How to determine whether a drug's effect is presynaptic or postsynaptic?


#1

Rookie question here: In slice electrophysiology, if you’re recording from a postsynaptic neuron and you perfuse a drug, how do you determine whether the effect of the drug is directly on the postsynaptic neuron from which you’re recording or rather is due activity elicited in presynaptic neurons? As a real example, I have a compound that I think acts directly on a GPCR in a spinal neuron population, and I know that the GPCR is Gq coupled, so it should lead to some calcium increases intracellularly. I want to test this by recording from the spinal neuron and looking at the EPSC in the neuron. However, I suspect that the same GPCR might also be on the presynaptic afferents that terminate on the spinal neuron of interest. How do I exclude the presynaptic component and identify the portion of the effect that is through direct interaction with the GPCR on the postsynaptic neuron? Does adding TTX to the bath solution, to block sodium channels, allow you to say that whatever effect you record from the postsynaptic neuron is not due to presynaptic activity?

@MGradwell @YongHo

Cross-posted at ResearchGate: https://www.researchgate.net/post/How_to_determine_whether_a_drugs_effect_is_presynaptic_or_postsynaptic


#2

The straightforward way to do this would be to record mEPSCs pre and post-drug. Then analyze your responses for changes in frequency or amplitude. Changes in frequency are usually reflective of a presynaptic effect, while amplitude changes are more postsynaptic. If you have changes in both then it’s likely that your drug has a mixed pre/post-synaptic influence.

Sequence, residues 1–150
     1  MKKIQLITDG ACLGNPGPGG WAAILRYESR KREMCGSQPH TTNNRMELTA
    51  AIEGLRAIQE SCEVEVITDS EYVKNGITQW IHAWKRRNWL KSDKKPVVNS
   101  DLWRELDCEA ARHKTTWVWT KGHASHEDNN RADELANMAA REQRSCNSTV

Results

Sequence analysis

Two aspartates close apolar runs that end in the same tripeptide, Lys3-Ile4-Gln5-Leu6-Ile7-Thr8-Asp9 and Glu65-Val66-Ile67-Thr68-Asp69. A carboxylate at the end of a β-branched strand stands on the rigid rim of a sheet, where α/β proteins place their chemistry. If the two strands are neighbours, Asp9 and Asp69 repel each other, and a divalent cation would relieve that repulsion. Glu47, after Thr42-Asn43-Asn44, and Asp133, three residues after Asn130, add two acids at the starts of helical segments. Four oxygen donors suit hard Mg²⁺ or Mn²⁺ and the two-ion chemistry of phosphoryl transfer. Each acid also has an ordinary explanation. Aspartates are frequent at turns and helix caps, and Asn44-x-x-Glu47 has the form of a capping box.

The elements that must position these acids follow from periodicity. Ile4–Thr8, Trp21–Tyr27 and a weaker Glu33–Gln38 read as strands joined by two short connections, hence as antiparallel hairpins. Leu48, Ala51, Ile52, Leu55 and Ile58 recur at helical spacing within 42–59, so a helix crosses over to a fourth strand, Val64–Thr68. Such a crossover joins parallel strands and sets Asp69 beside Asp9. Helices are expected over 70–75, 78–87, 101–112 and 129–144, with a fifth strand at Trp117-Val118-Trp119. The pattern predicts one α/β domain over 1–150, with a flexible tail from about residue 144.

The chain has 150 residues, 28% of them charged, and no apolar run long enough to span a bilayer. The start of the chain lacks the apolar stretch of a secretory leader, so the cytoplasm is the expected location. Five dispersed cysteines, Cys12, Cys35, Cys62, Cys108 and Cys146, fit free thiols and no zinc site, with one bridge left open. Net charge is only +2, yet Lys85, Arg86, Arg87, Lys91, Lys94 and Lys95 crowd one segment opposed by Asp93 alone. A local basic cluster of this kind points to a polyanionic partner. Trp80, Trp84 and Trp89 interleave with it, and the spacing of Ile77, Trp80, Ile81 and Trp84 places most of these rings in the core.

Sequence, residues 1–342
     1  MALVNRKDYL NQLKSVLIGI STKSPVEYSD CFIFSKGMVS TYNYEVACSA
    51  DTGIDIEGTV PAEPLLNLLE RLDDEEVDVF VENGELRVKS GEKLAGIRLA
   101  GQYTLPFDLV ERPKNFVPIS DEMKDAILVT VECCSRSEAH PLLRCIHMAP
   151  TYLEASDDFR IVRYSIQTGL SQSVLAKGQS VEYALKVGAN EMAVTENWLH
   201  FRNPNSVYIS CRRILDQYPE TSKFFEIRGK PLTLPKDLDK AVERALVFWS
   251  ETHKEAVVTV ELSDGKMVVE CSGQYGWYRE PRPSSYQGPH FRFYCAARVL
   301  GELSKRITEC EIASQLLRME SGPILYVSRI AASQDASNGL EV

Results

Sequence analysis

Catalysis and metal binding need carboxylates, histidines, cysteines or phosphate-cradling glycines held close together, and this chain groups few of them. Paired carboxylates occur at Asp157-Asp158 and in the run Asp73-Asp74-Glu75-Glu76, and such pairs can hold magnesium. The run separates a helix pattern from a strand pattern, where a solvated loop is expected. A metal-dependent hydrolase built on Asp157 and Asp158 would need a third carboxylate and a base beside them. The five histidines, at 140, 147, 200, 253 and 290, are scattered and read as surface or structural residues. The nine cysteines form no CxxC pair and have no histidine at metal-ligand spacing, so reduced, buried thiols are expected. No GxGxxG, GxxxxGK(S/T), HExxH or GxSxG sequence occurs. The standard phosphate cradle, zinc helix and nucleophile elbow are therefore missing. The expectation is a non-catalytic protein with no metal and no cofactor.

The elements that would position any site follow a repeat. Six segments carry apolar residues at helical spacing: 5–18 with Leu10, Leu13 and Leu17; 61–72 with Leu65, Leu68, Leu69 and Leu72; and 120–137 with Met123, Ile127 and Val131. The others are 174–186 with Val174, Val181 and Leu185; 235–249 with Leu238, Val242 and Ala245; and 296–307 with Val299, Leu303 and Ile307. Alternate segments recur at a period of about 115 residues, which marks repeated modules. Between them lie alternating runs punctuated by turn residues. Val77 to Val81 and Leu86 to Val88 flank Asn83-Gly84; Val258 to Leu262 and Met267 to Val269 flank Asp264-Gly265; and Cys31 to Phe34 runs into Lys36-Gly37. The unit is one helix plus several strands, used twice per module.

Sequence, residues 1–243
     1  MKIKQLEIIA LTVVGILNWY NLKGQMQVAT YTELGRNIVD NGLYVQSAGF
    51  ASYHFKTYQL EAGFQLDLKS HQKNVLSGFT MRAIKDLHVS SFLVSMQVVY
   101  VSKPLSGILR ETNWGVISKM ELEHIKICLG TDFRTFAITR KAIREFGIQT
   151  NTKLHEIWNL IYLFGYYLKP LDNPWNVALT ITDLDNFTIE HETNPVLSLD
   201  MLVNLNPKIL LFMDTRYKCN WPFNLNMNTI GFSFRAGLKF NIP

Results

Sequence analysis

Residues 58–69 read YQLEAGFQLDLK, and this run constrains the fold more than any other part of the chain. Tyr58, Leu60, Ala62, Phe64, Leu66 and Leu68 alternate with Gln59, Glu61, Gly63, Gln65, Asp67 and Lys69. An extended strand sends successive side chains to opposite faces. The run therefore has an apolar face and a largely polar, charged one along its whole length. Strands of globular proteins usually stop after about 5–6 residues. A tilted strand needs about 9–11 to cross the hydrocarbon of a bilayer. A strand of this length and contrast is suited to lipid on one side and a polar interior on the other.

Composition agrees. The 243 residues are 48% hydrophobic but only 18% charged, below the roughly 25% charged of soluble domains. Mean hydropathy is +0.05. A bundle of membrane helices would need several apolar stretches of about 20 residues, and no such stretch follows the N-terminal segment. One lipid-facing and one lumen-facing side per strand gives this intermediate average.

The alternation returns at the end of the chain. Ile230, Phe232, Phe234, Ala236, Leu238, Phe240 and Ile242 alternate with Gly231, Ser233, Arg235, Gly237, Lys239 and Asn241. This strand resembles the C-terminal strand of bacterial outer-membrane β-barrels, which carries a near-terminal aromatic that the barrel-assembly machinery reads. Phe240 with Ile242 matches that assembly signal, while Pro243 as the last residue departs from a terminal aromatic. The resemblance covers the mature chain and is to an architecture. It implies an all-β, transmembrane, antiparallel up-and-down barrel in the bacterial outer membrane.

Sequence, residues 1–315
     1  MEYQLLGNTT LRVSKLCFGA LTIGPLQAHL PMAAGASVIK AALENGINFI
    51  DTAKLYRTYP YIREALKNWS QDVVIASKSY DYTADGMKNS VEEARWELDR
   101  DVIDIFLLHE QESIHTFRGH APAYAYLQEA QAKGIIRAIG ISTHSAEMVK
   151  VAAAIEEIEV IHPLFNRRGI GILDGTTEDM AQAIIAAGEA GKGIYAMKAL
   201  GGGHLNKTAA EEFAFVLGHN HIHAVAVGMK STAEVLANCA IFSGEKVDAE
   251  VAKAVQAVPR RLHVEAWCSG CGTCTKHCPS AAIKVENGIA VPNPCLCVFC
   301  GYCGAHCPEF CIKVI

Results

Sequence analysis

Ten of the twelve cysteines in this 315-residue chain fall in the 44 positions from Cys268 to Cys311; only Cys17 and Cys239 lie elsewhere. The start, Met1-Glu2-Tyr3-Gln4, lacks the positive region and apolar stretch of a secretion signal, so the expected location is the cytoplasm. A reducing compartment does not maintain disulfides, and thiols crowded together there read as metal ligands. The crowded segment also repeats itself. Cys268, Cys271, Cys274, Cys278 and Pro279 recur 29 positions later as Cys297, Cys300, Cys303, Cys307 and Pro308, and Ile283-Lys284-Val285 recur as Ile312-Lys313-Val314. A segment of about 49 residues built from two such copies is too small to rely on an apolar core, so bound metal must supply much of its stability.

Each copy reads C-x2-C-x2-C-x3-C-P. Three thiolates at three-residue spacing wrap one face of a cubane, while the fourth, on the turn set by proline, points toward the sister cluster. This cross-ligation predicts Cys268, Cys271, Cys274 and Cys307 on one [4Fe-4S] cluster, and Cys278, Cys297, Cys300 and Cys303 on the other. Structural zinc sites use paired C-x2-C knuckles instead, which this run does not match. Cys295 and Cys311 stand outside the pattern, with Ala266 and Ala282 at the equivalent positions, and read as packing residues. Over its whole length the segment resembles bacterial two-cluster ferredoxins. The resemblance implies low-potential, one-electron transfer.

#3

Thanks @ljmartin. Yes, that’s generally what I’ve seen in papers but I was wondering if there was a more definitive way. I think what you suggested should suffice.


#4

This is pretty well accepted among electrophysiologists. If there’s another – perhaps more clever – way of doing this then I’d also like to know.


#5

Awesome. Thank you @ljmartin . Yeah, i don’t know that there is, but I’m new to spinal ephys so that’s why I asked. Thanks also for joining the forum.


#6

You check for Paired-pulse ratio when you record from evoked EPSCs etc… decreased or increased ratio will give you a clue about the pre- or postsynaptic nature of the events.

Also, postsynaptic application of drugs through your recording pipette is another way to know if your response is localized specifically at the posysynaptic site.


#7

Thanks @soroush.dg. Also a very good idea, although more technically challenging than the suggestion about mEPSCs. I’ll keep in mind. Thanks for joining the forum.